Interactive data entry and updating
The end goal here is to create a table that feeds data to a chart.Linking these two elements together allows the chart to check for newly added data in the table.
For my example project, I’m creating a chart that tracks sales of each Harry Potter novel at a bookshop.In the Create Table dialog, you can tweak the cells included in the table.Tick the box labeled My table has headers, then press OK.Date formatting can be a little tricky, so I’ll drag the bottom right corner of the cell down to populate the cell automatically.Of course, I could do this manually — I’d just have to lay out my date in the same format as preceding rows.To add more data, simply add another line at the bottom of your existing chart.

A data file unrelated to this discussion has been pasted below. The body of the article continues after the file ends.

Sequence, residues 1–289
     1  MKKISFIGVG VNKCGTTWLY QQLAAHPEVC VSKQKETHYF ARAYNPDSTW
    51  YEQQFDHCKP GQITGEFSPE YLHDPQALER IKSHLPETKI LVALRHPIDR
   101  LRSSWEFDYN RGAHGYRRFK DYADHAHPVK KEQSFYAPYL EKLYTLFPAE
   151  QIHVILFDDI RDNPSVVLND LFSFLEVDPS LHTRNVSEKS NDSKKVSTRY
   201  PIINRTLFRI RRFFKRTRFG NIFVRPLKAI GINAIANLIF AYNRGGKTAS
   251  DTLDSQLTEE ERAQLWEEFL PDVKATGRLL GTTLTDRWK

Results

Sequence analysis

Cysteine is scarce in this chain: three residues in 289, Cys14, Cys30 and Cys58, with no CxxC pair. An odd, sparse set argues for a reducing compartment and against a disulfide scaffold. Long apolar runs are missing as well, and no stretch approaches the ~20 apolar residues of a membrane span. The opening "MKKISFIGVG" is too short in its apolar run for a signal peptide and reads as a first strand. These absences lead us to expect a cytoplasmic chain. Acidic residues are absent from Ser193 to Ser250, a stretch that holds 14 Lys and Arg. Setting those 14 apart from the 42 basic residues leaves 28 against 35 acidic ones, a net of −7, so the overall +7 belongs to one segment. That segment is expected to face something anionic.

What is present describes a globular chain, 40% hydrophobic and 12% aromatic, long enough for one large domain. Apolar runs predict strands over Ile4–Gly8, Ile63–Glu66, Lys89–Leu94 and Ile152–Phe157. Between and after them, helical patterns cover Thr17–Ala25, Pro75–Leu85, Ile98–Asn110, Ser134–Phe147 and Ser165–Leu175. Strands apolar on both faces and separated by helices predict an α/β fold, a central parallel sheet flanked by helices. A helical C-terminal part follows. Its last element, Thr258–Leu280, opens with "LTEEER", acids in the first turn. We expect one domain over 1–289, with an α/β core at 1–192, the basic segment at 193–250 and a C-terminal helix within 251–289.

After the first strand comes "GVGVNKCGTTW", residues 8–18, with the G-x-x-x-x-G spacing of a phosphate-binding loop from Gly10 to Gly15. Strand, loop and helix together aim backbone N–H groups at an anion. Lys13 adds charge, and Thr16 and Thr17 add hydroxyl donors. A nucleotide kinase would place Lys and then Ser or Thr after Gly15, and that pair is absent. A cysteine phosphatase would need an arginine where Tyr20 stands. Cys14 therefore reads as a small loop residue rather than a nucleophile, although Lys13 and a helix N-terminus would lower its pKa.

Since my Date column dictates the values on the X-axis of my chart, I’ll start there.
You won’t have to depend on others to manipulate or mess up the chart, and you won’t have to do all that extra work either.
You don’t need any Visual Basic skills, but you do need to understand the basic fundamentals of Excel charts.
You can now use the chart indefinitely, simply by adding more rows to the table.
However, you may have to tweak its size and formatting to present all the data properly, depending on how much you’re planning to add.
One of the most powerful aspects of Excel is the fact that various aspects of spreadsheets can be automated.